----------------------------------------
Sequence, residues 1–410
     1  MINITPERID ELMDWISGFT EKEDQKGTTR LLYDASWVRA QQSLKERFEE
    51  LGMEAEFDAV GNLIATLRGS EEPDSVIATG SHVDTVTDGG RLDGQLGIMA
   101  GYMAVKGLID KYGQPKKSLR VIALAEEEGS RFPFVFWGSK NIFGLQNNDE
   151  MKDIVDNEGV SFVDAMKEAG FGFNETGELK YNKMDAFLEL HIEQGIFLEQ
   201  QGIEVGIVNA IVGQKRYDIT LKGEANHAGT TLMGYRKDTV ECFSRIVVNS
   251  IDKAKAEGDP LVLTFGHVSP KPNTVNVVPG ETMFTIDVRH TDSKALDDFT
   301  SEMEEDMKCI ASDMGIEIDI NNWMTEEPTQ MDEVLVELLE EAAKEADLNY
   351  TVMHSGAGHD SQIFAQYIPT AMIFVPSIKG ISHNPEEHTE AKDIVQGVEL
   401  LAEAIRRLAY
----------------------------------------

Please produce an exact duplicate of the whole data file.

Sequence, residues 1–410
     1  MINITPERID ELMDWISGFT EKEDQKGTTR LLYDASWVRA QQSLKERFEE
    51  LGMEAEFDAV GNLIATLRGS EEPDSVIATG SHVDTVTDGG RLDGQLGIMA
   101  GYMAVKGLID KYGQPKKSLR VIALAEEEGS RFPFVFWGSK NIFGLQNNDE
   151  MKDIVDNEGV SFVDAMKEAG FGFNETGELK YNKMDAFLEL HIEQGIFLEQ
   201  QGIEVGIVNA IVGQKRYDIT LKGEANHAGT TLMGYRKDTV ECFSRIVVNS
   251  IDKAKAEGDP LVLTFGHVSP KPNTVNVVPG ETMFTIDVRH TDSKALDDFT
   301  SEMEEDMKCI ASDMGIEIDI NNWMTEEPTQ MDEVLVELLE EAAKEADLNY
   351  TVMHSGAGHD SQIFAQYIPT AMIFVPSIKG ISHNPEEHTE AKDIVQGVEL
   401  LAEAIRRLAY